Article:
There are several good reasons to pay a visit to the Alyeska Resort, even if you’re not spending the night. One of which is the Alyeska Scenic Tram, which climbs the hill directly behind the resort — giving you a breathtaking view of Turnagain Arm and the Kenai Peninsula.
The Alyeska Resort is located south of Anchorage in Girdwood, Alaska. From Anchorage, take the Seward Highway (Alaska 1) south to the Alyeska Highway, and turn left. Follow the Alyeska Highway to the end, and park in visitor parking.
I love to climb a mountain, but if there’s a way to get to the top of one without all the effort, I’m more than happy to take the easy way out. Such is the case at the Alyeska Resort, where a tram can whisk you up to a nice viewpoint in a matter of minutes.
The tram station is at the far end of the Alyeska Hotel. If you parked in the visitor lot, you’ll need to walk by the front of the hotel and continue around to the far side, where you’ll find the station. Or, you can walk through the hotel, go up one floor, and you’ll pass the ticket station near the exit.
On the day of my visit, the trams were running every 15 minutes or so. It was no problem getting a walk-up ticket, no reservations required, even on the busy Memorial Day weekend.
At the halfway point, you’ll pass the other tram car on its way down.
During the summer months, the ride takes 7 minutes. It’s twice as fast in the winter, to rush skiers to the slopes. You gain about 2,000 feet along the way.
Since I was visiting the mountain relatively early in the summer season (technically, still late-spring), there was quite a bit of snow remaining near the tram station. This meant I had the chance to frolic around in the snow — or more accurately, watch other people frolic. The snow is well- trampled at the tram station exit.
So what can you do at the top? Enjoying the view tops the list. Up here, you have an outstanding view towards Turnagain Arm, and beyond it, the Kenai Peninsula.
The resort also promises a view of seven hanging glaciers, somewhere out there in between the jumble of mountain peaks.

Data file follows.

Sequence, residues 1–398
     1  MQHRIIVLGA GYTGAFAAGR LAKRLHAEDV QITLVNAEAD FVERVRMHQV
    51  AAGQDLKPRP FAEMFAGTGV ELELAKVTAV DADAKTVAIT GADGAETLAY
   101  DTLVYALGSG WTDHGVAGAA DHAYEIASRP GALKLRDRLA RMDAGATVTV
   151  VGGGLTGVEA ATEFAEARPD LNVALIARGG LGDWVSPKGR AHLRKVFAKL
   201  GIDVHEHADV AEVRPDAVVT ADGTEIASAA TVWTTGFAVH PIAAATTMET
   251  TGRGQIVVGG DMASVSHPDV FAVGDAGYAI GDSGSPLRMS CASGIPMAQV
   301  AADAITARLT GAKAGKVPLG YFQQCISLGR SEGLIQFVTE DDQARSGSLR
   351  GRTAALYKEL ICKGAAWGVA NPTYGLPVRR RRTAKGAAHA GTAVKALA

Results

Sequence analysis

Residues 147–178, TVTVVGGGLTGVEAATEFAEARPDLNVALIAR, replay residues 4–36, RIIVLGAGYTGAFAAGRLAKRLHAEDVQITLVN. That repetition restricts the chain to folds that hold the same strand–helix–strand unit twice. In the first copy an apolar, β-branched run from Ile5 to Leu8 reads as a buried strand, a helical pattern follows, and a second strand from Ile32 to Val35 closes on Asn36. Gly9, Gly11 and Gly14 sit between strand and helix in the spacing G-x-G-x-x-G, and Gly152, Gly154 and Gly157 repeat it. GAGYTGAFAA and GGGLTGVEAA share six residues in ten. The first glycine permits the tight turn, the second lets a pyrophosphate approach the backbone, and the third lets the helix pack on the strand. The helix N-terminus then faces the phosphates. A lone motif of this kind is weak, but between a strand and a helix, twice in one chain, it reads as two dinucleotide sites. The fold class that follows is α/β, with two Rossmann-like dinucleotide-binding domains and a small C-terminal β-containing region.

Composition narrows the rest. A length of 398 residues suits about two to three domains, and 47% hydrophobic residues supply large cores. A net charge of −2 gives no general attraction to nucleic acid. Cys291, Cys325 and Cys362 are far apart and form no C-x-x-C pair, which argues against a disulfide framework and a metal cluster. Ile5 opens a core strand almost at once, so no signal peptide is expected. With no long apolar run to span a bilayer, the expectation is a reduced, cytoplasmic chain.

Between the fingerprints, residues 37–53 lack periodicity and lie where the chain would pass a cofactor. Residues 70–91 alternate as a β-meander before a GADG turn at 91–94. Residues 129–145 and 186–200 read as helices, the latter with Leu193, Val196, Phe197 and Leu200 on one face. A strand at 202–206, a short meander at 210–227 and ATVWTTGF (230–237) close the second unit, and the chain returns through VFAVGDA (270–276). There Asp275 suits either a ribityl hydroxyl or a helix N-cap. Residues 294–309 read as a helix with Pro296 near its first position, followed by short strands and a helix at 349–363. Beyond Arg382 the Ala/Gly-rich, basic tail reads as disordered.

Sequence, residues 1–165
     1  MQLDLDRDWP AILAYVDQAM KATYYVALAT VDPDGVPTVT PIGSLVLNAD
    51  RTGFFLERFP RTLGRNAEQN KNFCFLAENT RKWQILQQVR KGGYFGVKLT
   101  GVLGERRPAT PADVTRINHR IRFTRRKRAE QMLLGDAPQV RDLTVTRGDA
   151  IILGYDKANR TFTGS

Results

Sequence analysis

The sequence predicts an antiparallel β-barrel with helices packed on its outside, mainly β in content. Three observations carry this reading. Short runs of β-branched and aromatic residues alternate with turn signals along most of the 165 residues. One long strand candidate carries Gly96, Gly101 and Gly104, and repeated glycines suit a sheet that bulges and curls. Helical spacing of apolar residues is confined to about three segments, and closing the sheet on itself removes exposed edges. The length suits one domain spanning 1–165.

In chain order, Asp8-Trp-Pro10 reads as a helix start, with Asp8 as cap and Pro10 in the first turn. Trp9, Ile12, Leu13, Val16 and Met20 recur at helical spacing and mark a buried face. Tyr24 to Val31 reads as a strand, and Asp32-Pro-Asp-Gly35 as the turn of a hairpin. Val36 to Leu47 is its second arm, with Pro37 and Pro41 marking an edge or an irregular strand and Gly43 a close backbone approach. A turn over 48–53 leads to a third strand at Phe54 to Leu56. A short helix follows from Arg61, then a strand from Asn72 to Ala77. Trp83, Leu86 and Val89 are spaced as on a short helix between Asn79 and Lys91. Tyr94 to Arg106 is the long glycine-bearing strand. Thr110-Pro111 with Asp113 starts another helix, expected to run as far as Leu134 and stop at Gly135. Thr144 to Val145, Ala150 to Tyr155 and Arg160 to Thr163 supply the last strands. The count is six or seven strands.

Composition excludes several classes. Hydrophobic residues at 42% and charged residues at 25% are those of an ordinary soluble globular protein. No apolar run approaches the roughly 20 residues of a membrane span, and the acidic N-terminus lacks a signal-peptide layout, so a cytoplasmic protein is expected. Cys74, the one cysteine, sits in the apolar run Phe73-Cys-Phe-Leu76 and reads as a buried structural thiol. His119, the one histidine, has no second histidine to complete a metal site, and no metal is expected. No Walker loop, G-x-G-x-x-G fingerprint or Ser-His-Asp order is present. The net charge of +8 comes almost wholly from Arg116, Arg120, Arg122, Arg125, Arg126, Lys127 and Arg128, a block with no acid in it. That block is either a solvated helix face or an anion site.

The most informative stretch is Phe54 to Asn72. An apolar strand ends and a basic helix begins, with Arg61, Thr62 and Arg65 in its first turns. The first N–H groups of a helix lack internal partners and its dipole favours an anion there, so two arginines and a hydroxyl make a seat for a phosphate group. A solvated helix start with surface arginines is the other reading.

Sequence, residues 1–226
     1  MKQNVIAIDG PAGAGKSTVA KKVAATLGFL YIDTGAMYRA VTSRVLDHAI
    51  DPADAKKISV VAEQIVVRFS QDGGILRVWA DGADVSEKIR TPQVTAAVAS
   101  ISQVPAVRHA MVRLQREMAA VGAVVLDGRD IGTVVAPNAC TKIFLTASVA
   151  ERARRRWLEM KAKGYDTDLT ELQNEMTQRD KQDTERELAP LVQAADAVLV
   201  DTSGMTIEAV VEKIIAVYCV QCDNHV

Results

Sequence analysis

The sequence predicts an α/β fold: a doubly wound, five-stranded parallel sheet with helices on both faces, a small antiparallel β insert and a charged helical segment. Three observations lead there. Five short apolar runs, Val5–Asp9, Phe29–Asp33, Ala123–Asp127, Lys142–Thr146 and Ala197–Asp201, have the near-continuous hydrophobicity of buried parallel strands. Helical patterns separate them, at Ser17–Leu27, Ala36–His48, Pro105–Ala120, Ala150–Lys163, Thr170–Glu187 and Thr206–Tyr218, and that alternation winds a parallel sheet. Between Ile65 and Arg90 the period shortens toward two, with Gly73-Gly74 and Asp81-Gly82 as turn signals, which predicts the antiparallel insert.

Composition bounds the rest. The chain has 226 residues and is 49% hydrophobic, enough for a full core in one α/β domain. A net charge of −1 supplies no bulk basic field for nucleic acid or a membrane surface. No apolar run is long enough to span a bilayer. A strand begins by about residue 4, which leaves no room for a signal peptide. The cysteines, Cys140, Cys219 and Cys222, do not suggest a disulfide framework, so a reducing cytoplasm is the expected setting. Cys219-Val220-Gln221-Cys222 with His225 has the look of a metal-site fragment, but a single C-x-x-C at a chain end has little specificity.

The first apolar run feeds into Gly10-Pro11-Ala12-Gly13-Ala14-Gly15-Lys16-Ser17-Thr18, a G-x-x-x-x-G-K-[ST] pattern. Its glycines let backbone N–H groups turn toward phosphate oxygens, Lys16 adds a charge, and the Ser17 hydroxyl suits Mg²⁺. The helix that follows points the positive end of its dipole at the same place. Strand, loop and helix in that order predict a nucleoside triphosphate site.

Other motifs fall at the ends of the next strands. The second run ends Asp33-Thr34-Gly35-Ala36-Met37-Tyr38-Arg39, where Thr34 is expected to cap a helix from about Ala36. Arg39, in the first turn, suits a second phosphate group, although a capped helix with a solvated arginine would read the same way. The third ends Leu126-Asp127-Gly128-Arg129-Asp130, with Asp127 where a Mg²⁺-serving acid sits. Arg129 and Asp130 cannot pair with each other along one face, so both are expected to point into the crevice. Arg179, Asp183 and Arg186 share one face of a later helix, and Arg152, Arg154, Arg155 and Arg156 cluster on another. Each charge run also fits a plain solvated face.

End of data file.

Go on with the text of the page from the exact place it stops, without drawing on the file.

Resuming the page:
Here’s a panorama shot of the view. You’ll see one of the ski lifts in the foreground. They are not running during the summer months.
I had hoped to do some hiking at the top, but because of all the snow (and numerous “closed” signs around the perimeter), I wasn’t able to get very far.
The deli and any other businesses in the tram station’s building were closed at this time of day (late afternoon), but the gift shop/museum inside the “Roundhouse” was open. The Roundhouse served as the upper terminal for Alyeska’s first ski lift. It was built in 1960 and renovated in 2003, about a decade after the modern-day tram took the place of the original lift.
Inside, you’ll find some historical exhibits and examples of half-century-old ski equipment. You’ll also find this model of the mountains, that includes the ski resort.
Even if you’re not fortunate enough to go inside the Roundhouse, you can still walk around the wrap-around porch, and enjoy the view.
After about a half-hour at the top, I decided it was time to head back down. Even though I had added an extra layer of clothing, it was chilly up there.
The trip back down takes another seven minutes or so…
… and provides a nice view of the hotel. In the lower-right corner of the picture, you can see the start of the Winner Creek Trail. You may also spot some wildlife as you go up and down the mountain. Black bears are fairly common, while brown bears are much more rare.
[tmt_info =””]A tram ride is $25 per adult (as of 2016). You can combine a ride and receive a $20 voucher for a deli-style lunch at the top for $35. If you’re eating at the swanky Seven Glaciers restaurant at the top, the ride is free. [/tmt_info]
If there’s still a lot of snow at the upper station, there isn’t a whole lot to do up there. You can hike around on the snow a little, visit the Roundhouse, and enjoy the view, but you’ll probably be done in about 30 minutes. Does that mean the trip is worth $25? I’m not sure. But there’s no question — the view is beautiful.
Here’s a time-lapse look at the drive from Portage Glacier Road, up to Girdwood, through town to the Alyeska Resort: